Rodriguez survived a medley of attacks from his main rival Alberto Contador on the ridiculously steep final climb of the 184km stage from Gijon to Valgrande-Pajares, taking third place and some vital bonus seconds behind stage winner Cataldo and second-place Thomas de Gendt of Belgium.
Katusha captain Rodriguez now leads Saxo Bank-Tinkoff's Contador by 28 seconds on GC with another Spaniard, Alejandro Valverde of Movistar, in third place, two minutes and four seconds in arrears.
Britain's Chris Froome, runner up in last year's Vuelta, cracked on the brutal final climb of Cuitu Negru and is now almost five minutes behind red jersey Rodriguez ahead of the race's second rest day.
Billed as the Vuelta's 'queen stage', Monday's race certainly lived up to the hype - concluding with a final section so steep that it looked as if the riders were climbing in slow motion.
Omega Pharma-Quick Step's Cataldo and de Gendt of Vacansoleil-DCM had broken clear of the peloton on the descent of the first climb of the day, the Cat.3 Alto de la Cabrunana, around 50km into the stage.
Combining well, Cataldo and de Gendt - both more than an hour down on GC - built up a maximum lead of 15 minutes over the peloton ahead of the first of two back-to-back Cat.1 climbs. The leading duo crossed the summit of the Puerto de San Lorenzo with a lead of 13:10 over the peloton and looked odds-on to contest the final win.
There was little action from the peloton on the penultimate climb of the day, the Alto de la Cobertoria, where Saxo Bank marshalled matters while the race's big three riders - Rodriguez, Contador and Valverde - rode well off the pace towards the back of the main pack.
A group of six riders broke clear on the descent under the instigation of Luis Angel Mate (Cofidis) and Maxime Bouet (Ag2r-La Mondiale) but they were swept up before the final climb of the day, the HC ascent to Valgrande-Pajares which, for the first time in Vuelta history, was being topped with a new Cuitu Negru 'super-climb' - a 2.8km paved goat track with sections as high as 25 percent.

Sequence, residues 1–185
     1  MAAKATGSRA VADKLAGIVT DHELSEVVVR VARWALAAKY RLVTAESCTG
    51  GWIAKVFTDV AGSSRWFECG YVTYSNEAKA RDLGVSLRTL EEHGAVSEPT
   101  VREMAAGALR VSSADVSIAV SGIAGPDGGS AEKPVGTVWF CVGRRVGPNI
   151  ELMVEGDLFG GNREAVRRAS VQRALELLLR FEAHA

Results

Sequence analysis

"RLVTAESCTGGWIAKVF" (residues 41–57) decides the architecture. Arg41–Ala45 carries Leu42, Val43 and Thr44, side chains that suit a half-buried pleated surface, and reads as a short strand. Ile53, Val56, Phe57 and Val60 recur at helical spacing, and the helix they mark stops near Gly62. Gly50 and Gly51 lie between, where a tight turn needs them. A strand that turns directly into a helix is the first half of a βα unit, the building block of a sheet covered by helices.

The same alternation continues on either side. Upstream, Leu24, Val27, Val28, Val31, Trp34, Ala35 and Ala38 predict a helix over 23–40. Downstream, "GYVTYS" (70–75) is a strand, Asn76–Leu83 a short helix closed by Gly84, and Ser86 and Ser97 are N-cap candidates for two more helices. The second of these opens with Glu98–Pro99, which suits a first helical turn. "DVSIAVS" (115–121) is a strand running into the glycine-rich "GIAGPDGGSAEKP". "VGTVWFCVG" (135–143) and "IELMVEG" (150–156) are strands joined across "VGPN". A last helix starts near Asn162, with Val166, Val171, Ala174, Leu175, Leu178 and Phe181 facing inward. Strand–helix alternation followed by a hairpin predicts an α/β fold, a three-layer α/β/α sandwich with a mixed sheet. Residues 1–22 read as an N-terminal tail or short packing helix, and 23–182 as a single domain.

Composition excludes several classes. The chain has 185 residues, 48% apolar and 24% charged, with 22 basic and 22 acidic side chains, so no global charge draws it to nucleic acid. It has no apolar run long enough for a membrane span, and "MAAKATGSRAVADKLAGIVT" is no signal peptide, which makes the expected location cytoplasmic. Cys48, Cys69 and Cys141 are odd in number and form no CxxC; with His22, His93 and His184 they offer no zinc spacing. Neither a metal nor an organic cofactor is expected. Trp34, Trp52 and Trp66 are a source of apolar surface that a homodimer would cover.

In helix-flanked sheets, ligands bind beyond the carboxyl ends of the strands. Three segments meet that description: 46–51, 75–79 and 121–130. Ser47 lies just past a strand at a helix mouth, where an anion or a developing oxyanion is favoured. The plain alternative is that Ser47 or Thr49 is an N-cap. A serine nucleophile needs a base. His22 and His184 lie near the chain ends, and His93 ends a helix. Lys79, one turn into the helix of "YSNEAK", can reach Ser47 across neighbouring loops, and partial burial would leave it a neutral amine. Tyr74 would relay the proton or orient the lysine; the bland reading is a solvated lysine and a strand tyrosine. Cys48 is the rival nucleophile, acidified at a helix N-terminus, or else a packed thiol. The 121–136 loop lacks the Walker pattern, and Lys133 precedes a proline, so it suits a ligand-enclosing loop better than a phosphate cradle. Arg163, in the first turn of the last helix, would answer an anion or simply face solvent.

Cataldo and de Gendt still held an advantage of more than eight minutes as Saxo Bank set a pulsating tempo on the front of the peloton, which was soon whittled down to less than 20 riders.
Unknowing of the drama unfolding behind them, the leading duo pressed on towards the summit. Having secured third place in May's Giro d'Italia by winning the race's 'queen stage' atop the Stelvio, 25-year-old de Gendt seemed to be the favourite to take the victory.
But it was Cataldo who dropped his opponent inside the final 2km when the slopes hit a series of perilously steep ramps. De Gendt did his best to fight back onto his rival's wheel, but Cataldo, his face a picture of pain, managed to hold on for the win. Punching the air, the 27-year-old Italian crossed the line seven seconds ahead of de Gendt to take the biggest win of his career - and a first for his team on this year's Vuelta.
Despite being pipped for the win, de Gendt had crossed the two preceding Cat.1 summits in pole position and rises to third on the king of the mountains classification, five points behind Australian Simon Clarke (Orica-GreenEdge).
Meanwhile, further down the mountain, a flurry of blistering attacks from Contador had seen the whole field - including, most notably, Froome - dropped. Red race leader Rodriguez managed to cover every attack put in by his main rival in white, while green jersey Valverde constantly fought back with the help of his Movistar team-mate Nairo Quintana.
Valverde was distanced on the steepest section of the Cuitu Negru ramp - but managed to ride back onto the wheels of his opponents just as Contador put in one final last-ditch dig inside the final 500 metres.
This time, Rodriguez not only held on but managed to pass Contador, sprinting clear of his rival to secure the four bonus seconds for third place. Rodriguez crossed the line of what was quite possibly the most arduous finish ever seen on the Vuelta 2:39 down on winner Cataldo and two seconds ahead of Contador. Valverde was fifth, 17 seconds back, while Colombian Quintana took sixth place.
Froome finished 5:11 down on stage winner Cataldo in 14th place and is now 4:52 behind Rodriguez on GC in fourth place.
With just five stages remaining - including Saturday's showdown summit finish at Bolo del Mundo - it looks all but certain that the 67th edition of the Vuelta a Espana will conclude in Madrid on Sunday with three Spaniards on the podium. But with just 28 seconds separating Rodriguez and Contador, there is still everything left to play for in the battle for the red jersey.
The Vuelta continues on Wednesday with the rolling 187km stage 17, concluding with a Cat.2 climb to Fuente De.